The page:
If your job depends on it, mechanical or SSD?

Discussion in 'Memory and Storage' started by nk215, Nov 5, 2012.

  1. nk215

    nk215 Senior member

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    Hello everyone,

    If you can’t afford down time, would you use SSD as an OS drive on your computer?

    That’s my dilemma, at home, most of my computers use SSD as boot drive to gain some speed. But at work, after thinking hard and long, I picked mechanical HD for OS and SSD for data (which is religiously backed up to 4 places, two on site and 2 off sites. The data is also backed up onto the mechanical OS drive). As long as the computer can boot into windows, I have access to the data I need.

    RAID 1 or 5 (for boot drive) is not an option at the moment

    Mechanical HDs are obviously slow compared to SSDs but their reliable track record for is known (except those new 2TB+ drives). SSD is still rather new.

    Performance is not that critical since the computer s are not doing anything special. Office, IE, excel etc. The computers are Dell optiflex 7010 with the latest i7 cpu.

    Thanks
     
  2. Hellhammer

    Hellhammer AnandTech Emeritus

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    If you choose a reliable SSD (such as Samsung SSD 830), there is no need to worry about reliability. Of course there is still a chance that the drive will fail prematurely but that is the case with all electronics.
     
  3. GlacierFreeze

    GlacierFreeze Golden Member

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    If you can't have any down time and performance doesn't matter at all and isn't doing anything intensive, then I'd just go mechanical with RAID 1 and make sure they're setup correctly for hot swappable.
     
  4. BrightCandle

    BrightCandle Diamond Member

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    Even if the worst SSDs have failure rates similar to HDDs. The best SSDs are more than an order of magnitude better in terms of reliability. Both are unreliable so how you treat them in terms of backup and failure is identical so the minor difference in reliability between the two wont change your overall productivity. The speed difference between the two technologies however will.
     
  5. kleinkinstein

    kleinkinstein Senior member

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    Why choose. Go with both!
     
  6. Burner27

    Burner27 Diamond Member

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    RAID1 x 2 SSDs.
     
  7. rsutoratosu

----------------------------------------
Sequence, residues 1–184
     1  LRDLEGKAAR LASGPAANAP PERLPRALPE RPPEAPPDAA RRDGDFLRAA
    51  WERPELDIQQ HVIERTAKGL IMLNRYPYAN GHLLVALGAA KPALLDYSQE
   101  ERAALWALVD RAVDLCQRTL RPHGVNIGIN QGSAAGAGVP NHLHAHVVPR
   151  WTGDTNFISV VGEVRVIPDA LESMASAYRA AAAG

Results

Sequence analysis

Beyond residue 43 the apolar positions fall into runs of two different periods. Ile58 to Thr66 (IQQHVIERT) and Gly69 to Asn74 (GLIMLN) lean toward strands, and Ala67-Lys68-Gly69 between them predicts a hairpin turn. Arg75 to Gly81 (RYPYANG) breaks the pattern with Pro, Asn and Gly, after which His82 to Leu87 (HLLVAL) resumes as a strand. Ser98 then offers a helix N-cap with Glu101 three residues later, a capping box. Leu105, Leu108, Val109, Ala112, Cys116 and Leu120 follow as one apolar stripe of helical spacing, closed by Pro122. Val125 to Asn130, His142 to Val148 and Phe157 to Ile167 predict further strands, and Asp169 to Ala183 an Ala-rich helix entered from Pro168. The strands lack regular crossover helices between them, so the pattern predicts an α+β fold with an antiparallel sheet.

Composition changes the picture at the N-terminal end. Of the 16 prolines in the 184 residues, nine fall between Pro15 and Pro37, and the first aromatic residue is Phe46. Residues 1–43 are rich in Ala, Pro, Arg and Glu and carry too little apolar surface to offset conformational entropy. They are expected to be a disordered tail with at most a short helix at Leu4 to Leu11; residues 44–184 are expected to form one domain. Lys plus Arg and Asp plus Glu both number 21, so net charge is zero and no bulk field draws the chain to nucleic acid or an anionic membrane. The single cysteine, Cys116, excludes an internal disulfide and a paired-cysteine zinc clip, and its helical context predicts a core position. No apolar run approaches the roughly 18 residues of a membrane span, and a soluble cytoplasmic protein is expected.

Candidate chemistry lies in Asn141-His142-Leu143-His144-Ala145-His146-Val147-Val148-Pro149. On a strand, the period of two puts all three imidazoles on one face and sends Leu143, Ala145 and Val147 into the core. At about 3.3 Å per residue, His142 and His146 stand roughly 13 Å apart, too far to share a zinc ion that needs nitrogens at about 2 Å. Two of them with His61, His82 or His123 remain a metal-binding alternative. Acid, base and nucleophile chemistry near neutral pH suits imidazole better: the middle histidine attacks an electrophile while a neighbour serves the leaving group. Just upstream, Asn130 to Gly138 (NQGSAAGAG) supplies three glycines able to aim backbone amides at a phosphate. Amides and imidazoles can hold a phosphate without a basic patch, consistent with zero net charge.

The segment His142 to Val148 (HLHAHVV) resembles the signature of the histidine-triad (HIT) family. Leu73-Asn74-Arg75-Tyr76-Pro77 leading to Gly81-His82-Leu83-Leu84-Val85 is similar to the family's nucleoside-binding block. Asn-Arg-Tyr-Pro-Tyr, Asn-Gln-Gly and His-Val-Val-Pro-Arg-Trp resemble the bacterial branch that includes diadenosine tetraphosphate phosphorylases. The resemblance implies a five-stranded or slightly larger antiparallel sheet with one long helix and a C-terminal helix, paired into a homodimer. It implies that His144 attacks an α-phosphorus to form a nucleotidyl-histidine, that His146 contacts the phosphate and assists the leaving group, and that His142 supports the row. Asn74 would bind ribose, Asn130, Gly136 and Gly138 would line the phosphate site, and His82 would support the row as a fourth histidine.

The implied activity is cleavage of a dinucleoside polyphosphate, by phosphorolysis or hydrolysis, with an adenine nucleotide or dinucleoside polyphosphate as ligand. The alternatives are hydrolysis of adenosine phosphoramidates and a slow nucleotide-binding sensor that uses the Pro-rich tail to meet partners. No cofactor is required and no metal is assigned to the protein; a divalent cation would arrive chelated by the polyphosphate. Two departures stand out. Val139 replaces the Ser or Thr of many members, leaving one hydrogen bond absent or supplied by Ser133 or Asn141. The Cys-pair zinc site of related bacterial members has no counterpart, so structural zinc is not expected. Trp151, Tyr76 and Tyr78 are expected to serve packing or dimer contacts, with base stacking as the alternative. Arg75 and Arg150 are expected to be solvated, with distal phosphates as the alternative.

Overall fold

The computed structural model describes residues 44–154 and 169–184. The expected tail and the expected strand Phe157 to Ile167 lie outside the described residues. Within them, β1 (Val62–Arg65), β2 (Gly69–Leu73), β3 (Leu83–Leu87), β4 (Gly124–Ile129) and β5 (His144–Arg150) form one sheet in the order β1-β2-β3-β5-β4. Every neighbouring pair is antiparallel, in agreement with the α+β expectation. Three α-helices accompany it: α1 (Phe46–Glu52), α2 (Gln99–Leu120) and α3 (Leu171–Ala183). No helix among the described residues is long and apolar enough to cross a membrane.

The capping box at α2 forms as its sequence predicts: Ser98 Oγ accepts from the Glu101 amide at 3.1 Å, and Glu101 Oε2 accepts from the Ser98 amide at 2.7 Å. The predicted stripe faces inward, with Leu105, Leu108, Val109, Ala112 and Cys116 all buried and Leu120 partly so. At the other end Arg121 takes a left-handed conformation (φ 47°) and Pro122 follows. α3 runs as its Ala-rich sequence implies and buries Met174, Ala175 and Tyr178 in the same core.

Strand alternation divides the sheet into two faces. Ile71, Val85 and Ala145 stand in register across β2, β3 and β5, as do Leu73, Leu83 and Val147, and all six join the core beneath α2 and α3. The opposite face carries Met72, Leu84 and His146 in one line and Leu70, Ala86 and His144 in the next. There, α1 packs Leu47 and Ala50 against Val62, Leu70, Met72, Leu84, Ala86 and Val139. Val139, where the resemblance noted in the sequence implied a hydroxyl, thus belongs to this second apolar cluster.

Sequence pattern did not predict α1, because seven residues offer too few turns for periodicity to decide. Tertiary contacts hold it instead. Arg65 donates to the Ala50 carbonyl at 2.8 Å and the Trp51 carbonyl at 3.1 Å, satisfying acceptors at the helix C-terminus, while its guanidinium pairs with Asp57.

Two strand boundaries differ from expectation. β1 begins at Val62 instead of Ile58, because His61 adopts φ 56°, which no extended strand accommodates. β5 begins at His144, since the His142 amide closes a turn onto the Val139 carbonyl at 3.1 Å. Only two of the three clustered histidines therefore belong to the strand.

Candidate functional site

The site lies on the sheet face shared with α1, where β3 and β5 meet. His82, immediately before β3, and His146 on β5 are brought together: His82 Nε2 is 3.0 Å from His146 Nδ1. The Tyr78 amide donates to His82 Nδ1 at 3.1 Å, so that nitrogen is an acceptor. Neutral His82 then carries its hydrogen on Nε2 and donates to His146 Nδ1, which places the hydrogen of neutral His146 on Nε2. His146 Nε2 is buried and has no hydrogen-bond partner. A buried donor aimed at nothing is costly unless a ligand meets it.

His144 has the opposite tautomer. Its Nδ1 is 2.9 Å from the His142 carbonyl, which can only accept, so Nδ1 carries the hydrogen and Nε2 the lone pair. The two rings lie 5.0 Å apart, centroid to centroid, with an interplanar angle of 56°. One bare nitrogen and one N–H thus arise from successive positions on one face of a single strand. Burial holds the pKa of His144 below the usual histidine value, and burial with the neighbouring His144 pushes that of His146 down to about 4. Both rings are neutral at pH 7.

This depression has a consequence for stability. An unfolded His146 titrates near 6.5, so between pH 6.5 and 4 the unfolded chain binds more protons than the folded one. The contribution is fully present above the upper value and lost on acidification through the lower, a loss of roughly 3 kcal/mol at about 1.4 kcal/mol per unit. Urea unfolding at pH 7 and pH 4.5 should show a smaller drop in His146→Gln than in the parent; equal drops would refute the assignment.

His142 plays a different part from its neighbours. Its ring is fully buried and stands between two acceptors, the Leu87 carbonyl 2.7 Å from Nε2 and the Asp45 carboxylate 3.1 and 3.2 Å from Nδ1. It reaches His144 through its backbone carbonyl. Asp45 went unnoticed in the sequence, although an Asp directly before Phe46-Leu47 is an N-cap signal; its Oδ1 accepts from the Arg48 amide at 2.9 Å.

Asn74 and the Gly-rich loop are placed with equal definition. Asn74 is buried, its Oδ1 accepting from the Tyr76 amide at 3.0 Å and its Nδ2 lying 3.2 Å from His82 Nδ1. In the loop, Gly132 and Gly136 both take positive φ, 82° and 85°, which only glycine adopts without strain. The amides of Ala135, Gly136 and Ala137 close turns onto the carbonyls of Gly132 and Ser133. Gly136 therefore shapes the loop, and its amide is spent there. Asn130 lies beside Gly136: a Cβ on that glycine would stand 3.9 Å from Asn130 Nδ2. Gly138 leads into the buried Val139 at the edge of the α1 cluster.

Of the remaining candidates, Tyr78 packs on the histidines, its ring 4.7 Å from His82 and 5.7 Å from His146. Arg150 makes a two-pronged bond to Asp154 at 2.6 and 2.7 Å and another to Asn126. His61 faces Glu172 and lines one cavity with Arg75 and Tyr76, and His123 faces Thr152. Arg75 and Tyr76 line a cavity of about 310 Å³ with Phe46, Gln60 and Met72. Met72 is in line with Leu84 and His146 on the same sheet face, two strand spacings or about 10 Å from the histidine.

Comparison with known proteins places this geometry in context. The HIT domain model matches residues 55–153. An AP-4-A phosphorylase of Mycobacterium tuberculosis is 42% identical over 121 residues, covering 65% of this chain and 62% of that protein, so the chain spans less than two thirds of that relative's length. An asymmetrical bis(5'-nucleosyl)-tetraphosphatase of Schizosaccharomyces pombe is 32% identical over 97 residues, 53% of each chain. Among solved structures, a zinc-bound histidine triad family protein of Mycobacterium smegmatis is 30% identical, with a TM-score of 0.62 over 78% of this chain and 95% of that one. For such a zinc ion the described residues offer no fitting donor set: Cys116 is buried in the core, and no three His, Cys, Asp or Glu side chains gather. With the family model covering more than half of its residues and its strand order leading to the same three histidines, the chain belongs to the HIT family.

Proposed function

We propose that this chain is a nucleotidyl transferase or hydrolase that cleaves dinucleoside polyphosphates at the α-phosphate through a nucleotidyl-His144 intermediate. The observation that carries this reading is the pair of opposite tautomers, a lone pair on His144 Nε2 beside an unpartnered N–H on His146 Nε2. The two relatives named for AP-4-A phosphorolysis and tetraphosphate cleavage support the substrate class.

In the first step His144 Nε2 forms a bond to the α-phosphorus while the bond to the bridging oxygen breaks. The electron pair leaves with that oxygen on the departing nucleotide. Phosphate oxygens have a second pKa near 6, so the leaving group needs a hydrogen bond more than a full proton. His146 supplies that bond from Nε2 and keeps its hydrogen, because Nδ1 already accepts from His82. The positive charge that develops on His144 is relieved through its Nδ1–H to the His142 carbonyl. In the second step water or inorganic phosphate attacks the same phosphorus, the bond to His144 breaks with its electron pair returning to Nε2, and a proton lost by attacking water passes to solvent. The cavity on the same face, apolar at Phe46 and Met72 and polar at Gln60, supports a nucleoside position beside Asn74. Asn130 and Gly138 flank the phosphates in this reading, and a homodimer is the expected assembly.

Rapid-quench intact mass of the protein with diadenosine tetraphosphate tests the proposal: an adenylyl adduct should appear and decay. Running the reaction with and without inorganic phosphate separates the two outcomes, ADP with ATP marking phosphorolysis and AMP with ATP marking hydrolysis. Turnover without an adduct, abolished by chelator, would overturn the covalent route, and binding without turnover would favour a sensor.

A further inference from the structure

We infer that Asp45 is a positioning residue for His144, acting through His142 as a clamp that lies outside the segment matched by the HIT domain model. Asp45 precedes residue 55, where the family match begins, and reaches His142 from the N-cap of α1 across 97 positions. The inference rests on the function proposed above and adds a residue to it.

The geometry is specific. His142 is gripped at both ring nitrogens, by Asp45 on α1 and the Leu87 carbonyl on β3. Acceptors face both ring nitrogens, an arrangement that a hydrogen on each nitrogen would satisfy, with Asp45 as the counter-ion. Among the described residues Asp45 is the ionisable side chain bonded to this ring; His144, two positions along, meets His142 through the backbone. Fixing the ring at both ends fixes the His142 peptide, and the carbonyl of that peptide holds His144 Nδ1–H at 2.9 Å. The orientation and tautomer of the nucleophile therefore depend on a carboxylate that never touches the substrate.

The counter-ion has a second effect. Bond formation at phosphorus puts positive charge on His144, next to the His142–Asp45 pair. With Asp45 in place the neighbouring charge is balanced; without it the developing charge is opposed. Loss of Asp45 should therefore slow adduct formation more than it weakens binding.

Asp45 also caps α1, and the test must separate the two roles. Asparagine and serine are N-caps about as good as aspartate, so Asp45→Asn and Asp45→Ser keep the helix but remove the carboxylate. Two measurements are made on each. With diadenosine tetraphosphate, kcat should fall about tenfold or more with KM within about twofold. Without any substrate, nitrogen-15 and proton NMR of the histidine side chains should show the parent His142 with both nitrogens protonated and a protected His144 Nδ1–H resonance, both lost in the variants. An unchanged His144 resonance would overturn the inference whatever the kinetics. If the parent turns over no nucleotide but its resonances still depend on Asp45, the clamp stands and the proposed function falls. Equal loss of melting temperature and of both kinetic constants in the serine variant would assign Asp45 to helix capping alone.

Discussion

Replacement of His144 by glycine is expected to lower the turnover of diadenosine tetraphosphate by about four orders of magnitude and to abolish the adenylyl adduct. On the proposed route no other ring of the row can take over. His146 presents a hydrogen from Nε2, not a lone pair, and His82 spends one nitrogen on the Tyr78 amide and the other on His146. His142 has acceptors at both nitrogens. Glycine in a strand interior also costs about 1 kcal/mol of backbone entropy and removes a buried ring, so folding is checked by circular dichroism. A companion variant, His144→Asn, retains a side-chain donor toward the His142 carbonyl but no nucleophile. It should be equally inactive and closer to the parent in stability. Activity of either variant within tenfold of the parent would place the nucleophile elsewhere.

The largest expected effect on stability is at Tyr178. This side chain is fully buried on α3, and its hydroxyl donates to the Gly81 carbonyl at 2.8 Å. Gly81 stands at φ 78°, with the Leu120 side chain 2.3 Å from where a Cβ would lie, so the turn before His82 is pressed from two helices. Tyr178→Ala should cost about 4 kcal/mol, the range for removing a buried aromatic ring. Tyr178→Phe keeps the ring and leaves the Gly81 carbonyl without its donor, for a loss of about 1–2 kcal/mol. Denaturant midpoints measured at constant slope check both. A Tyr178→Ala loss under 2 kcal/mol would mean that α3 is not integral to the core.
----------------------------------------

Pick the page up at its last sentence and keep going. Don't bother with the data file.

rsutoratosu Platinum Member

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    SSD & backup, if its a desktop/laptop run windows backup or some other backup, assuming you have w7, it'll backup to your schedule... just get a big ass file server
     
  8. capeconsultant

    capeconsultant Senior member

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    I agree. This is what I do. Both for web server and home desktop. Keeps things simple. And yet reliable.
     
  9. nk215

    nk215 Senior member

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    Guys,

    Raid is not an option at the moment.

    Didn't anyone notice how often users report that the SSDs drop off in BIOS/BSOD/Boot Drive not found within the first year?

    On paper, SSD is more reliable but it hasn't proven out in practice yet. I've experienced 2 mechanical HD failure in the last 15 years or so. Both of which were 5+ year old drives. I have no issue switching out the drives after 3+ years (computers get refreshed about that time too).
     
  10. A5

    A5 Diamond Member

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    If you have that kind of backup system setup, you can use whatever you want for the OS drive.

    Don't buy an OCZ drive. For business, Samsung or Intel only.
     
  11. GlacierFreeze

    GlacierFreeze Golden Member

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    RAID 1 or 5 with hot swapping is the only option if you're aiming for zero down time.

    Did you notice how many were OCZ? Vast majority of them.
     
    #11 GlacierFreeze, Nov 5, 2012
    Last edited: Nov 5, 2012
  12. nk215

    nk215 Senior member

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    I would never touch an OCZ even if it were the same price as a mechanical HD. The one that I think of has some BSOD and BIOS drop off reports is the Crucial M4 (which I have 3 of w/o issue so far), from newegg.